A Step-by-Step Guide to Learning English Grammar
If you’re an English learner, then you know that learning grammar can seem downright terrifying. Sentences look like they’re written in hieroglyphics, and they seem to have so many rules that you can never remember them all at once. Plus, it seems like every teacher you have has her own way of explaining grammar to you, which makes it even more confusing when they don’t agree with each other! The good news is that learning grammar doesn’t have to be difficult if you know how to go about it the right way.
Subject, verb, object is the sentence structure of simple sentences. The subject is the person or thing that does something. The verb is what the subject does and its direct object tells us whom or what the subject acted upon. For example, George ran. George is the subject, he acts by running and therefore runs.
Present vs. Past
If you want a step-by-step guide for learning the difference between present and past tense, read on. When talking about what is happening now, it’s called the present tense.
Futures tenses are used to express the action or event that will take place in the future. These tenses also give additional meaning, such as probability and expectation.
Indefinite or Definite Article?
Present Indefinite Tense in Hindi can be used when talking about things or actions that are happening now, such as I am eating breakfast. However, Present Indefinite Tense in Hindi cannot be used for actions that happened at a specific time in the past, such as I had cereal this morning.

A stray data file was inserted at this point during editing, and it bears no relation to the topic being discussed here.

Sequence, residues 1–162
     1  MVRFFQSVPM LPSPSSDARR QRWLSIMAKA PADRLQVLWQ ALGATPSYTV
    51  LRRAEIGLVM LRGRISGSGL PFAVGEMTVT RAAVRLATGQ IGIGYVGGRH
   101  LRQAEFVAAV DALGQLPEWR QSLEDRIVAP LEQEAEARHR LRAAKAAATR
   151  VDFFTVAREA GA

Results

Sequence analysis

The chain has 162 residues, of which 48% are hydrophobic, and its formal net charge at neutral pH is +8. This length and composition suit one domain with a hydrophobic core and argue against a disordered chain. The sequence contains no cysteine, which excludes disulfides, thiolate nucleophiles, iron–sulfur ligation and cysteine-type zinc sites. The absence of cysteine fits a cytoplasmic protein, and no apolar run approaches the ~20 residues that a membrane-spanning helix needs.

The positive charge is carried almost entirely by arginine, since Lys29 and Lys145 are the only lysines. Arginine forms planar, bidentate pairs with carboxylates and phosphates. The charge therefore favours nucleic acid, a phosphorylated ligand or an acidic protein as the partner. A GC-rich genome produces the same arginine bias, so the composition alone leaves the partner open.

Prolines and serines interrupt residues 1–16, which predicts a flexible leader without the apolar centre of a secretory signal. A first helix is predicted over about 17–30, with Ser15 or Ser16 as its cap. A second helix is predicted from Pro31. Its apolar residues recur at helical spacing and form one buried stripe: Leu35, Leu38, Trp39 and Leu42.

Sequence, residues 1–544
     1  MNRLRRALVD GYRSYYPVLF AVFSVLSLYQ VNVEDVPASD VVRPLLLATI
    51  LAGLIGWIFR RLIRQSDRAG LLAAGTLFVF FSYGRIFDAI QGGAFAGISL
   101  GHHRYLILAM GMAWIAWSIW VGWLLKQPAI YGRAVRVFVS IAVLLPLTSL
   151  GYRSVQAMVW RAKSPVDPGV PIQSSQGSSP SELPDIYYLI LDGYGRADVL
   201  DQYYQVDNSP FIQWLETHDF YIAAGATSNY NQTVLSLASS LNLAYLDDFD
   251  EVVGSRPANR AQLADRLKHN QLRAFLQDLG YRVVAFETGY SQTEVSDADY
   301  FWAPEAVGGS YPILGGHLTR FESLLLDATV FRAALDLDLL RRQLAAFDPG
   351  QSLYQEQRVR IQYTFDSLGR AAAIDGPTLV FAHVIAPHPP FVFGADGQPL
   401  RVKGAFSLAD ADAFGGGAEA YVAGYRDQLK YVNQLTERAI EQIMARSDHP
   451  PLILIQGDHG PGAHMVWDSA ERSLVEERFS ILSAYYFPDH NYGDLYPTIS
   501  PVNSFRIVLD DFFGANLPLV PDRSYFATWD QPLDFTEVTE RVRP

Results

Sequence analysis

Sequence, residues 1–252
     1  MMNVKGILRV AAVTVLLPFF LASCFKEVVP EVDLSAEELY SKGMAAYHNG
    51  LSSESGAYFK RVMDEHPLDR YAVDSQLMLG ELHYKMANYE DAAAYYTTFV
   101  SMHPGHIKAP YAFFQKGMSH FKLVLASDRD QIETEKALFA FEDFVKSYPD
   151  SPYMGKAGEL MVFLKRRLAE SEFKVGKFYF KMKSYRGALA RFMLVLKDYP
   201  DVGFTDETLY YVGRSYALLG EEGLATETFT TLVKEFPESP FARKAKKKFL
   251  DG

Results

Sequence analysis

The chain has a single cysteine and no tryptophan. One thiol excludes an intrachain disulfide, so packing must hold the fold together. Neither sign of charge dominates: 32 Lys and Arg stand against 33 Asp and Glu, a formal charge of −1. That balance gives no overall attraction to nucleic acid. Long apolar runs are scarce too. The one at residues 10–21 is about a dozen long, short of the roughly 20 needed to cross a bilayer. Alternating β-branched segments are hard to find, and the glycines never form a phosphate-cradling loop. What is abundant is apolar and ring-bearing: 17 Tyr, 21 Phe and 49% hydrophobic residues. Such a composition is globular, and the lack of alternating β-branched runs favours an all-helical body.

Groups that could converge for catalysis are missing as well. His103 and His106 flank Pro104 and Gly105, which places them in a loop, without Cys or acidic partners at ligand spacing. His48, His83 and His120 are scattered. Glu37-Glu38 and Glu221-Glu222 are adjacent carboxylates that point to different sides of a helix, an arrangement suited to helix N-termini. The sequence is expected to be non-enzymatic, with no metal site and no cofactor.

sentence 1- Imān ko kyā bol raha hai? ইমান کو ক্যা বোল রেही? The speaker is asking what is the person saying?
sentence 2 – Bolne dunga, Imān.
The Present Perfect
1. I have already eaten dinner. 2. We are seeing a movie tonight. 3. The lights have gone out in the building and everyone has left to go home by now. 4. By this time tomorrow, our class will be almost over with all the work we’ll have done! 5.
The Passive Voice
Many languages have a passive voice and English is no exception. However, in English the passive voice is not as common. In the past tense, it can be formed by placing the phrase by (someone) after the verb phrase that is being acted upon.